Mid-Summer Walk In The Peak District, Leader Helen Richardson, Saturday July 7th 2012

Reporter: Christine Fildes

We met at 9.30am by the Etherow Country Park visitor centre, in Compstall. The walk of about 9 miles was along tracks and paths in parkland and woodland. Ten of us set off, plus Freddie, the latest recruit and despite the mixed forecast, the weather was perfect.

Compstall Mill was built in 1820 by George Andrew and Compstall Village was built to house his mill workforce. The waterways which can be seen today were also built by Andrew to carry water from the weir on the Etherow to turn the mill wheel (Big Lily). Built in 1839, it was the largest water wheel in the country, and stood where the car park is today.

After walking alongside the main lake adjacent the Visitor Centre, we crossed the bridge over the River Etherow which overlooked the weir (spectacular due to recent heavy rainfall) and climbed gently through Ernocroft Wood, and then joined Cown Edge Way. Eventually we were rewarded with exceptional views of over the Longdendale Valley, the Etherow Valley, with the Kinder Plateau on the on the skyline. We then descended by Warhurst Fold to the village of Broadbottom, passing The Lymefield Industrial Archeology Site and Visitor Centre. Once the site of a huge complex of cotton mills, the site of Broad Mills at Broadbottom, adjoining the Lymefield Visitor Centre, has been carefully reclaimed, and the remains of the mills with their complex arrangement of mill races, sluices, and die vats, restored for visitors to enjoy. A wide variety of birds and plants are in abundance in the area.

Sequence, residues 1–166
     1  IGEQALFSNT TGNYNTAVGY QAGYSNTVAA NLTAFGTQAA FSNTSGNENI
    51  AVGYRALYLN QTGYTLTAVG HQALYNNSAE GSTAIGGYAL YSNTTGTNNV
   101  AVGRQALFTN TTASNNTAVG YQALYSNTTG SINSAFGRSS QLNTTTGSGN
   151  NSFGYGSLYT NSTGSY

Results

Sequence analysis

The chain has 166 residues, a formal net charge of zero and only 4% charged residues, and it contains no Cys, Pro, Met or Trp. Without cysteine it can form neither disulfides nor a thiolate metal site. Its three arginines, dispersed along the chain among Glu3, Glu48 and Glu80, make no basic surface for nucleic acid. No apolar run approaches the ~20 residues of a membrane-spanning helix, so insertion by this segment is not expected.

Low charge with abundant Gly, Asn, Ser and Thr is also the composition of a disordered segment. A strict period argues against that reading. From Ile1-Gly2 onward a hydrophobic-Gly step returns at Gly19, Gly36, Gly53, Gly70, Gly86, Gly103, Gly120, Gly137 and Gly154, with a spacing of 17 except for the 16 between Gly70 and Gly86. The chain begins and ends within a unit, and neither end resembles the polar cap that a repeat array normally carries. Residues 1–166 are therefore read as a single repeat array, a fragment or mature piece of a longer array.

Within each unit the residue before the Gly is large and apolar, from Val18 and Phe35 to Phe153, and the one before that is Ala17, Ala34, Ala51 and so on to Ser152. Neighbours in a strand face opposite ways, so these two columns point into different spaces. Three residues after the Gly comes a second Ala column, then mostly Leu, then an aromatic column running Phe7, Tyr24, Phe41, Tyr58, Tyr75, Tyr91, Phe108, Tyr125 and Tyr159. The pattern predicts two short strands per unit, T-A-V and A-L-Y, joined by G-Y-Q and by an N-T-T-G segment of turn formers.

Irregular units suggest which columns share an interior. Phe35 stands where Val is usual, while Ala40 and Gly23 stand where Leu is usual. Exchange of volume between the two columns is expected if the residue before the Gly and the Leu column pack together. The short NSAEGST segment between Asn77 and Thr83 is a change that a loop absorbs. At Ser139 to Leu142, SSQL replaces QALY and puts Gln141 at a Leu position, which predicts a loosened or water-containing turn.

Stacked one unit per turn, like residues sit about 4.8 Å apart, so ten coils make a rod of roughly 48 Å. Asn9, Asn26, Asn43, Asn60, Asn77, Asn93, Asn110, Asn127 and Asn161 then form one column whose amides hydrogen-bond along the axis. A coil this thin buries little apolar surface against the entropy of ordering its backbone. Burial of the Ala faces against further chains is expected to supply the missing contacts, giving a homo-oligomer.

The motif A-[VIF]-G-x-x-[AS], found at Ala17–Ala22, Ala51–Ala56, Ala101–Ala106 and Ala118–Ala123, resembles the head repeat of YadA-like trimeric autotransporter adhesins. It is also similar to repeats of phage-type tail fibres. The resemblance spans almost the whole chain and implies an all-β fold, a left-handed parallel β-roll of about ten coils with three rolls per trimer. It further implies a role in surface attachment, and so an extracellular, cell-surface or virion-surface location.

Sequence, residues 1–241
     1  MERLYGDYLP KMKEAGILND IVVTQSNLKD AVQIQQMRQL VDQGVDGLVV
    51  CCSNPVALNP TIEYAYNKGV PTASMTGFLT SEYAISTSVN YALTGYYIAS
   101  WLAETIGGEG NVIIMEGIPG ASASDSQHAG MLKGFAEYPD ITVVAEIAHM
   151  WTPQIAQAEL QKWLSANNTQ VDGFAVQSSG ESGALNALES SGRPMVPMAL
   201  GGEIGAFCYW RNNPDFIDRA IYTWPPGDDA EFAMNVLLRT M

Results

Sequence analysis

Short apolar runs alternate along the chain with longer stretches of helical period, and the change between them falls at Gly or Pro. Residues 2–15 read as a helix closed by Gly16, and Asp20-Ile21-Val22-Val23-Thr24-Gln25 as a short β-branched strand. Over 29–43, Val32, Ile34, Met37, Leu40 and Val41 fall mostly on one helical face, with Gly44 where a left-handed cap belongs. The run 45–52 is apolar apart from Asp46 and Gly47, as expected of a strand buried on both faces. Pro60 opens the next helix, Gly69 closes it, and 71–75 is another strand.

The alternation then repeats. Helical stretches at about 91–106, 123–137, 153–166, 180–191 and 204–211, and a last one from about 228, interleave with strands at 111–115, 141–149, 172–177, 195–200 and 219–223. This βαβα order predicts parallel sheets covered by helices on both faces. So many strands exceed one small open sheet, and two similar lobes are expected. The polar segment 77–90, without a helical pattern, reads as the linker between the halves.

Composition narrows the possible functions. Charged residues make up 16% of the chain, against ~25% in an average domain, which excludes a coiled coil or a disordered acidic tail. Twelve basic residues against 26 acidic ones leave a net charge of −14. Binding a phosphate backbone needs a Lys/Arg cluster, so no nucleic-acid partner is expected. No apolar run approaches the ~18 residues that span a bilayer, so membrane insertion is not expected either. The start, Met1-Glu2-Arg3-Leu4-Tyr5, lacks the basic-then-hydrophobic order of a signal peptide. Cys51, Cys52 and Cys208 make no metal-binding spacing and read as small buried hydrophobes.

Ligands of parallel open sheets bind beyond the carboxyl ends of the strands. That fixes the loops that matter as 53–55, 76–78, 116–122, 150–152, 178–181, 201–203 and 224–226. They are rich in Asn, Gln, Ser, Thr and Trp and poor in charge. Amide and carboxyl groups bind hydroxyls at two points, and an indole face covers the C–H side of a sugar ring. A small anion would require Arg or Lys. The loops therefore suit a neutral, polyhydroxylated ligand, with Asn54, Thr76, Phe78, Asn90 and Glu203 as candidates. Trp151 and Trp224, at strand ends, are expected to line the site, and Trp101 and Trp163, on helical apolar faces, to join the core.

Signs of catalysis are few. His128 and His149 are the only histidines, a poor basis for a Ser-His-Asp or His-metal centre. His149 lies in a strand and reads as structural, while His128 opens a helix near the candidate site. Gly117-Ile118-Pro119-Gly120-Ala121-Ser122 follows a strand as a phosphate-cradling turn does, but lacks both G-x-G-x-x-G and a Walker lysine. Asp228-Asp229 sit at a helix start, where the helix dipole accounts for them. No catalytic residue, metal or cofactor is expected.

This was a perfect place to enjoy a lunch break (while basking in the sun). But we resisted the temptation to visit the garden centre and tea rooms nearby! After lunch Dave Taylor had to leave us, and then it was time to make our way back towards Compstall. We climbed gently again, out of the valley through delightful woodland (bathed in dappled sunshine) towards Hodgefold and Bothams Hall, where Helen and Brian assured us have recently seen a white peacock !*!* .... However not to-day, but we did see some pink pigs! A rare breed, according to a notice board. Finally we descended by Back Wood, passing the lower edge of Werneth Low golf club, Beacom Houses, and Mortin Clough to return Etherow Visitor Centre at approx. 3.30pm. Derek (wearing wellies), volunteered to go for a paddle in a stream with a very muddy Freddie, who was a little less exuberant than at the start of the walk.

Despite most of us being ‘Freddied’ during the walk, it was a delightful day. Helen had even arranged for Brian to do a spot of pruning ‘en route’. He produced a pair of secateurs from his rucksack when the footpath in Woodseats Lane disappeared through a gap in a holly hedge!

Thank you Helen for another well organised and interesting walk. You were even able to arrange some good weather for us too.